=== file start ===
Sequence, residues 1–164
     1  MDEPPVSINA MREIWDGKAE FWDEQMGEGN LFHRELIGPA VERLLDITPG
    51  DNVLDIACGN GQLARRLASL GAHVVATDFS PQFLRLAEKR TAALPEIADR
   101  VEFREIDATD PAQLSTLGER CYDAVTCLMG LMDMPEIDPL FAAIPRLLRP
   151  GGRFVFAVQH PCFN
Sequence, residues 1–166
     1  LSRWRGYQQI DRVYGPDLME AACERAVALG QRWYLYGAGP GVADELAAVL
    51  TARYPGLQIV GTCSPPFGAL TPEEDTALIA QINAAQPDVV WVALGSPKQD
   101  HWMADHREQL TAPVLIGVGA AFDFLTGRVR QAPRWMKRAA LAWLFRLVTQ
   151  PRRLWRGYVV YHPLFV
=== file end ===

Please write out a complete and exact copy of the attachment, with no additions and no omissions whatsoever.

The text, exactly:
Sequence, residues 1–164
     1  MDEPPVSINA MREIWDGKAE FWDEQMGEGN LFHRELIGPA VERLLDITPG
    51  DNVLDIACGN GQLARRLASL GAHVVATDFS PQFLRLAEKR TAALPEIADR
   101  VEFREIDATD PAQLSTLGER CYDAVTCLMG LMDMPEIDPL FAAIPRLLRP
   151  GGRFVFAVQH PCFN
Sequence, residues 1–166
     1  LSRWRGYQQI DRVYGPDLME AACERAVALG QRWYLYGAGP GVADELAAVL
    51  TARYPGLQIV GTCSPPFGAL TPEEDTALIA QINAAQPDVV WVALGSPKQD
   101  HWMADHREQL TAPVLIGVGA AFDFLTGRVR QAPRWMKRAA LAWLFRLVTQ
   151  PRRLWRGYVV YHPLFV